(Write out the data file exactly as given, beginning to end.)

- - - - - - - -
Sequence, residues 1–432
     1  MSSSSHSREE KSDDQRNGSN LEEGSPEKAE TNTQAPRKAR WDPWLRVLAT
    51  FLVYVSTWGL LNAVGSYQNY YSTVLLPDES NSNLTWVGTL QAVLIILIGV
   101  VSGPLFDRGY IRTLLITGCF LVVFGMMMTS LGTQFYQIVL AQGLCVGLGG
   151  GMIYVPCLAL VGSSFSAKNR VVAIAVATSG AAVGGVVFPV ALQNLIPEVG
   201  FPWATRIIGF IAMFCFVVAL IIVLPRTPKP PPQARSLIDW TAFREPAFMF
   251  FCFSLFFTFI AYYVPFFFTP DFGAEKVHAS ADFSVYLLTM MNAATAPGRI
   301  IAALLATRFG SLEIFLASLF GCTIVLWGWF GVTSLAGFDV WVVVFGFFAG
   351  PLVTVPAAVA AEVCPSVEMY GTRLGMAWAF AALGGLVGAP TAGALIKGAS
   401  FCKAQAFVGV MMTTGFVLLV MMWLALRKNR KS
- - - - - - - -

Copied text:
Sequence, residues 1–432
     1  MSSSSHSREE KSDDQRNGSN LEEGSPEKAE TNTQAPRKAR WDPWLRVLAT
    51  FLVYVSTWGL LNAVGSYQNY YSTVLLPDES NSNLTWVGTL QAVLIILIGV
   101  VSGPLFDRGY IRTLLITGCF LVVFGMMMTS LGTQFYQIVL AQGLCVGLGG
   151  GMIYVPCLAL VGSSFSAKNR VVAIAVATSG AAVGGVVFPV ALQNLIPEVG
   201  FPWATRIIGF IAMFCFVVAL IIVLPRTPKP PPQARSLIDW TAFREPAFMF
   251  FCFSLFFTFI AYYVPFFFTP DFGAEKVHAS ADFSVYLLTM MNAATAPGRI
   301  IAALLATRFG SLEIFLASLF GCTIVLWGWF GVTSLAGFDV WVVVFGFFAG
   351  PLVTVPAAVA AEVCPSVEMY GTRLGMAWAF AALGGLVGAP TAGALIKGAS
   401  FCKAQAFVGV MMTTGFVLLV MMWLALRKNR KS